5 Reasons to Be Excited About Scientists Growing Human Colons

Unless your kids have a gastrointestinal (GI) condition, you probably don’t spend a whole lot of time thinking about their colon or digestive tract. But for families of children who have GI diseases, it can greatly impact their daily lives.

This is one of the many reasons why I am part of a research team working to develop better models of the gastrointestinal tract, specifically the colon. Having a better model to study means a more accurate representation of the diseases occurring in the body, and hopefully more answers down the road.

Recently, our research team took human pluripotent stem cells (the type of cells which can make copies of itself and can make any cell or tissue in the human body) and converted them into miniature colons. This was the first time that human colonic organoids have been successfully tissue-engineered in a lab. The findings were published in Cell Stem Cell.

We are excited about this research and the potential for it to help kids with gastrointestinal diseases. Here’s why:

5 REASONS TO BE EXCITED ABOUT SCIENTISTS GROWING HUMAN COLONS:

 

 1. THE POTENTIAL FOR TRANSPLANTATION INTO PATIENTS.

This confocal microscopic image shows a human colon organoid generated in the laboratory with human pluripotent stem cells.

Quite a few GI diseases could benefit from transplanting tissue-engineered colons back into patients’ bodies. For example, kids with necrotizing enterocolitis lose huge portions of their bowel, and essentially have short bowel syndrome for the rest of their lives. In theory, we could lengthen their colon via transplantation so that they wouldn’t have the issues associated with short bowel syndrome, like bile acid diarrhea. It’s difficult to project when the research will advance enough to begin doing this, but perhaps within a couple of decades.

2. THE POTENTIAL TO TEST THERAPEUTIC DRUGS.

Creating tissue-engineered colons could allow us to test the efficacy and toxicity of drugs before trying in humans. For instance, when patients have juvenile polyposis syndrome, they will develop polyps in the colon. Because of this, they will likely have their colon removed at some point in their life. If we modeled this disease in our tissue-engineered colon, we could look for drugs that might help to suppress the formation of polyps. And if we could prevent that from happening, we might be able to thwart both colon cancer and the removal of the colon in these patients. We think testing for therapeutic drugs in these models could happen in the near future.

3. THE POTENTIAL TO UTILIZE PERSONALIZED MEDICINE.

Some gastrointestinal diseases are genetic, like juvenile polyposis syndrome. We think that we could potentially use both a tissue-engineered colon and CRISPR/Cas9 technology (a tool that allows scientists to edit sections of the genome by changing parts of their DNA) to correct a patient’s genetic mutation and then reintroduce the proper tissue back into him. In theory, there should be no issues with transplant rejection because the immune system should recognize the patient’s own tissue. The potential is very exciting, but could still be another decade or two before we hone the technology in this way.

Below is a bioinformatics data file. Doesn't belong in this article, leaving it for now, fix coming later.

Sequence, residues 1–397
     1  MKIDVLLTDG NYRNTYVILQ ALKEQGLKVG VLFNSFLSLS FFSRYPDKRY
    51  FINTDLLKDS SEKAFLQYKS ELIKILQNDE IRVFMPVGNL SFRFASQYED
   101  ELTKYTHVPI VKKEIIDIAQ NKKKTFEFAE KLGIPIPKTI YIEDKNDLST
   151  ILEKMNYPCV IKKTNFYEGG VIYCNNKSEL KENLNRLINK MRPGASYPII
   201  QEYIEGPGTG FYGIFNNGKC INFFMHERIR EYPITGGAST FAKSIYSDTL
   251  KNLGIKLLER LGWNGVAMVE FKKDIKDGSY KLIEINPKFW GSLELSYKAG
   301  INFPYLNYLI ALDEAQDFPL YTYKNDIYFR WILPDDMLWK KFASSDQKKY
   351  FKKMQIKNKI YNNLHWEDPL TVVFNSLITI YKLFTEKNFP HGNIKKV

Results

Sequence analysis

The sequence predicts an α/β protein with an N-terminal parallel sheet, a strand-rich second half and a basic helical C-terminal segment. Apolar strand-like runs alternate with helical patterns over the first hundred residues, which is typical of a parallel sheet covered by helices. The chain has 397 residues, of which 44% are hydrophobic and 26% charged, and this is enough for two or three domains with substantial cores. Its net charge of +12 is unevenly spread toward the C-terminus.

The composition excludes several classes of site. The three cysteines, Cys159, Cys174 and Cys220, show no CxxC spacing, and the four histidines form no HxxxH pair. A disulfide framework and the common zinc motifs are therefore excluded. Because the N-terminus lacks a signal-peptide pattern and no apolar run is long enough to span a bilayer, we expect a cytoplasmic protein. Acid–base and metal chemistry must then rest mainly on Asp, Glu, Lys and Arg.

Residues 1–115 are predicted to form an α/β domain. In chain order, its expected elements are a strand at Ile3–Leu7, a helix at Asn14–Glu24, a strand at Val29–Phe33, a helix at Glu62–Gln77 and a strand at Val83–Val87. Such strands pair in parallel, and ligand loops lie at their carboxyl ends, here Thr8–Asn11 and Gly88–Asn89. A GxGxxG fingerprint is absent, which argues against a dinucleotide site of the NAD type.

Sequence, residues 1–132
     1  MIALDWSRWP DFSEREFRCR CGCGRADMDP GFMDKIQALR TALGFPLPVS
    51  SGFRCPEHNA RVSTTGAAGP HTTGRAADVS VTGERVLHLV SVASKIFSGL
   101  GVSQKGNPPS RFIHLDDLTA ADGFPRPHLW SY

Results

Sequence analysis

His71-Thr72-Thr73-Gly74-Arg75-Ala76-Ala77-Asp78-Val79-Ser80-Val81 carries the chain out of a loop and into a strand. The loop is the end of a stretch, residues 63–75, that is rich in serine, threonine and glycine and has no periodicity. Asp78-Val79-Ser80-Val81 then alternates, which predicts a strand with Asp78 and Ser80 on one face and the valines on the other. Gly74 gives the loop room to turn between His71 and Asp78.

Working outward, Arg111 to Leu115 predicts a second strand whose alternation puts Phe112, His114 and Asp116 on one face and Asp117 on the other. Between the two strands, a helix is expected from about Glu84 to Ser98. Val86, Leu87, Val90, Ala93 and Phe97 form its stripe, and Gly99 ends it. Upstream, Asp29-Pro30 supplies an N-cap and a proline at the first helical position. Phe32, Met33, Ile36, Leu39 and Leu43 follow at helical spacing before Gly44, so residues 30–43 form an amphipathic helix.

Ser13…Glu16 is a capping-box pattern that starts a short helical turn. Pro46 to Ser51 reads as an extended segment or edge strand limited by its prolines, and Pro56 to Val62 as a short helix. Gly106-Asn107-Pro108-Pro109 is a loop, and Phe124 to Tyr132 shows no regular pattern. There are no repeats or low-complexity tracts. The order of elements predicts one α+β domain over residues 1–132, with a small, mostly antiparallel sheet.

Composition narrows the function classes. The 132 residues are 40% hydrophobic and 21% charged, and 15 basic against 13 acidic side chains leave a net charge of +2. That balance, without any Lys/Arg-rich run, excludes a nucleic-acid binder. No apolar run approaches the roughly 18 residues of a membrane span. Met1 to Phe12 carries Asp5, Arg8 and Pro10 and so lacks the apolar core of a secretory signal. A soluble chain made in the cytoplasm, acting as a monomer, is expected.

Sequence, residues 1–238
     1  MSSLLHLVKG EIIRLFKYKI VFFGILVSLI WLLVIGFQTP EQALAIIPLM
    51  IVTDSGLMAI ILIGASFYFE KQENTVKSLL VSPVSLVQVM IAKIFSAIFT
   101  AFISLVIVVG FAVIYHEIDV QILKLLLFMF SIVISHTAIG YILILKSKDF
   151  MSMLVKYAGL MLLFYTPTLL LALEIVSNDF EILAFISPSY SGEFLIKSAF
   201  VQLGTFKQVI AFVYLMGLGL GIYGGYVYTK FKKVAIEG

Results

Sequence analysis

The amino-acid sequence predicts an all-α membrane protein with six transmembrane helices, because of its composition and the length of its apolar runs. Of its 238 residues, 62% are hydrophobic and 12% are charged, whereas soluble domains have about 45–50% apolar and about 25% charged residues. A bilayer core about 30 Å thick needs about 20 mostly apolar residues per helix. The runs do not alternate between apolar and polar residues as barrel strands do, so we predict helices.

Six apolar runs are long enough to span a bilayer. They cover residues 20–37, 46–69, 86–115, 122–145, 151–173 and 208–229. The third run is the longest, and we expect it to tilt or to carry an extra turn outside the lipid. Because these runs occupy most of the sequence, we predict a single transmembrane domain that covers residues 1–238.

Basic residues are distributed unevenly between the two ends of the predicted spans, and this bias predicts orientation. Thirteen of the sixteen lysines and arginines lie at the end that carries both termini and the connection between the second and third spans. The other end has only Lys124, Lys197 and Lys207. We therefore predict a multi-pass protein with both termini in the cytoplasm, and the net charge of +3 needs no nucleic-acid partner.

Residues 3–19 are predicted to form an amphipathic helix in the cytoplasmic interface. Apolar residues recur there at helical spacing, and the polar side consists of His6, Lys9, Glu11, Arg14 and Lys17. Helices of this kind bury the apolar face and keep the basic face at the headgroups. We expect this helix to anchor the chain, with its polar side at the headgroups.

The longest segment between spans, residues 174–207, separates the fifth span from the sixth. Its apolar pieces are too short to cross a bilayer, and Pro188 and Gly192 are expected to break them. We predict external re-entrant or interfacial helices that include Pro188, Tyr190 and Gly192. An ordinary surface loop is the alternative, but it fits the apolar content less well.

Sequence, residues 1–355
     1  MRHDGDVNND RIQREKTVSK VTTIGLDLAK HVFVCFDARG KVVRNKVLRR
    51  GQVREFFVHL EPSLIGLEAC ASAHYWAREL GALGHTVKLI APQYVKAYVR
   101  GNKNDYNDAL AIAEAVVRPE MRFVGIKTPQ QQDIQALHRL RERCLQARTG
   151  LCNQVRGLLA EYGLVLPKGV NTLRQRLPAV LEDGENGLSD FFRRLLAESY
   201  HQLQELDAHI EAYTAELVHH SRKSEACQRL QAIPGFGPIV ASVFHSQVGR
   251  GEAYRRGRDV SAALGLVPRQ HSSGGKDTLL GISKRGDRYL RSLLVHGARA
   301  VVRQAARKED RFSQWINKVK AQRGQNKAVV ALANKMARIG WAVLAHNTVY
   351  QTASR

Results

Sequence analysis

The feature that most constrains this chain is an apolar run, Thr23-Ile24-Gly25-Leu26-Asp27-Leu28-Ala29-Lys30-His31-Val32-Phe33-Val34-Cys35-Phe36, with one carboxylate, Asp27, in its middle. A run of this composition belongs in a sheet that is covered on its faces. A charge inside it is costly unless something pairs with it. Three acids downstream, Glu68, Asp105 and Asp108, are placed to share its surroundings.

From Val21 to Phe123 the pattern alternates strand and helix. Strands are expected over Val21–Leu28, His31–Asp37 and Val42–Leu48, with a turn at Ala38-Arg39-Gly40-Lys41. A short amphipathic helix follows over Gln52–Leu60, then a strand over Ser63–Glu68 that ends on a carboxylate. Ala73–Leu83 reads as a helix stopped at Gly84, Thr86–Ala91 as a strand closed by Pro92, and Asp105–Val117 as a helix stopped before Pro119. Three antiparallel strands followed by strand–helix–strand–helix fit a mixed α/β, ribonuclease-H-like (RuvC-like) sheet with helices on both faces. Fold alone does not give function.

4. THE POTENTIAL TO TEST ABSORPTION OF OTHER DRUGS.

We think there is a potential for us to test all different types of drugs, not just ones related to gastrointestinal diseases. When patients take a drug orally, it passes through the inside of the intestines, which are 25 feet long. The drug can be absorbed into the bloodstream anywhere within this long tube, so utilizing the tissue-engineered colon could be useful for drug absorption studies. Because certain drugs may enter through the colon and not the small intestine, studying a colon model could tell us if oral delivery of a drug is a good option instead of using needles to inject into the blood directly.

5. THE POTENTIAL TO MODEL THE MICROBIOME.

The microbiome is made up of bacteria that live in the gut, and those bacteria are mostly concentrated in the colon. Modeling the microbiome in a tissue-engineered colon could allow us to study how the microbiome affects certain diseases. For instance, we could potentially study the role the microbiome plays in the obese versus non-obese.

Combining this discovery with our colleagues’ tissue-engineered intestinal research will allow us to gain a better understanding of how each of these regions of the gastrointestinal tract function separately and together. Because of the large prevalence of GI diseases in children, like colitis, colon cancer, irritable bowel syndrome and polyposis syndrome, this new research will open a gateway to other research projects considered undoable just a year ago.

 

Jorge Múnera, PhD

About the Author: Jorge Múnera, PhD

Jorge Múnera, PhD, is a postdoctoral fellow in the Division of Developmental Biology. His research interests include signaling pathways controlling human colonic development. He is also a proud father to his six month old daughter, Maria Elena.

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